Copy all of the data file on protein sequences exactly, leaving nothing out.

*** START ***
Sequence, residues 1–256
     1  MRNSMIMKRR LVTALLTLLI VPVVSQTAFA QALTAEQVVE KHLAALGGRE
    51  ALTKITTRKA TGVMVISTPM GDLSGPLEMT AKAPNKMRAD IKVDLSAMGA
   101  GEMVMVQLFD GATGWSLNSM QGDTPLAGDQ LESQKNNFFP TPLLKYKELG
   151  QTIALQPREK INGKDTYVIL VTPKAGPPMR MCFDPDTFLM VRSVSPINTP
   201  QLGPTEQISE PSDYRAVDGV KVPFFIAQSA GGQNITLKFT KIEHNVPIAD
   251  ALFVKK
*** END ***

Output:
Sequence, residues 1–256
     1  MRNSMIMKRR LVTALLTLLI VPVVSQTAFA QALTAEQVVE KHLAALGGRE
    51  ALTKITTRKA TGVMVISTPM GDLSGPLEMT AKAPNKMRAD IKVDLSAMGA
   101  GEMVMVQLFD GATGWSLNSM QGDTPLAGDQ LESQKNNFFP TPLLKYKELG
   151  QTIALQPREK INGKDTYVIL VTPKAGPPMR MCFDPDTFLM VRSVSPINTP
   201  QLGPTEQISE PSDYRAVDGV KVPFFIAQSA GGQNITLKFT KIEHNVPIAD
   251  ALFVKK